The utter inability to even hint at an effective countermeasure to the Knicks’ high pick-and-roll — which David Lee rode to a career-high 37 points and 21 rebounds — was enough to render a Warriors fan nonsensical with rage.

    The Warriors consistently tried to stop Duhon (or Anthony Roberson) by having the big man step out on him, either to switch fully, or merely to impede his progress momentarily. But one of two things would happen:

    New York Knicks forward/center David Lee in a familiar pose from Saturday: Readying himself for a two-handed jam (AP photo/Frank Franklin II)

    New York Knicks forward/center David Lee in a familiar pose from Saturday: Readying himself for a two-handed jam (AP photo/Frank Franklin II)

    A) The smaller defender would fail to properly cover Lee on the roll, providing an engraved invitation for Duhon to find Lee immediately with a pass for a two-handed dunk;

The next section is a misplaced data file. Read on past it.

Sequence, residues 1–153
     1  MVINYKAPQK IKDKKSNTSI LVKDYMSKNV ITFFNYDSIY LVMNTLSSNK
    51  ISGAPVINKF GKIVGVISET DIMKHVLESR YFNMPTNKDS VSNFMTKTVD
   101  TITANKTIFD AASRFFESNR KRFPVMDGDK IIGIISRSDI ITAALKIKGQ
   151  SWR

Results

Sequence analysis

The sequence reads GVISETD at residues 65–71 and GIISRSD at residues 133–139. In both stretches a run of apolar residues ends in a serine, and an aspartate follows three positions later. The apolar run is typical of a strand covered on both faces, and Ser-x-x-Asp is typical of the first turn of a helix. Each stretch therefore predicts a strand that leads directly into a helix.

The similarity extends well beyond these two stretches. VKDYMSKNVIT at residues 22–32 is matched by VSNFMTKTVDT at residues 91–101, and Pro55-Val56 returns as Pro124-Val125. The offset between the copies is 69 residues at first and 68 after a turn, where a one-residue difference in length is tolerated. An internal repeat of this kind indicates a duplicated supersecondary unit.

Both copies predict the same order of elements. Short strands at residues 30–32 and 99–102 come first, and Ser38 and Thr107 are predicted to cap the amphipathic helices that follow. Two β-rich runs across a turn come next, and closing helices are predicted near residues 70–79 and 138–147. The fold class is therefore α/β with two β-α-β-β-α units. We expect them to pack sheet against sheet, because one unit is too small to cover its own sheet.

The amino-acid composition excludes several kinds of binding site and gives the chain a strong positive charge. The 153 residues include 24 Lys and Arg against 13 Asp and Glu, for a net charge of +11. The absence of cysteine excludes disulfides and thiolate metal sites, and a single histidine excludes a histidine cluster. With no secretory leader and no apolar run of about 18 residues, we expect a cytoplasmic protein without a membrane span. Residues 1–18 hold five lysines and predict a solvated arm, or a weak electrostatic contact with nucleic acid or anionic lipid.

or B) Duhon would sail right around the larger man before zip a bounce pass to Lee (or, if the defender hung on a little longer than usual, hit him with a wraparound). The end result: Still a two-handed dunk.

    “It was just embarrassing,” said center Andris Biedrins, who was part of the crew that couldn’t stop a guy who looks like Conan O’Brien’s younger brother.

    What I cannot understand for the life of me is why on Earth the Warriors didn’t make an adjustment, why somebody didn’t say, “Hey, let’s have the big man stay home with Lee, and make Chris Duhon — a historically poor shooter whose 41.8 field-goal percentage from this season marks a career-high by a wide margin — hit some open 15-foot pull-ups if the Knicks want to hurt us with this play.”

    I mean, it couldn’t have hurt to try that, no? Especially given the fact that Duhon was the only Knicks starter to shoot less than 50 percent from the floor Saturday.

    Even if it didn’t work, it would have given the Warriors one more possible excuse.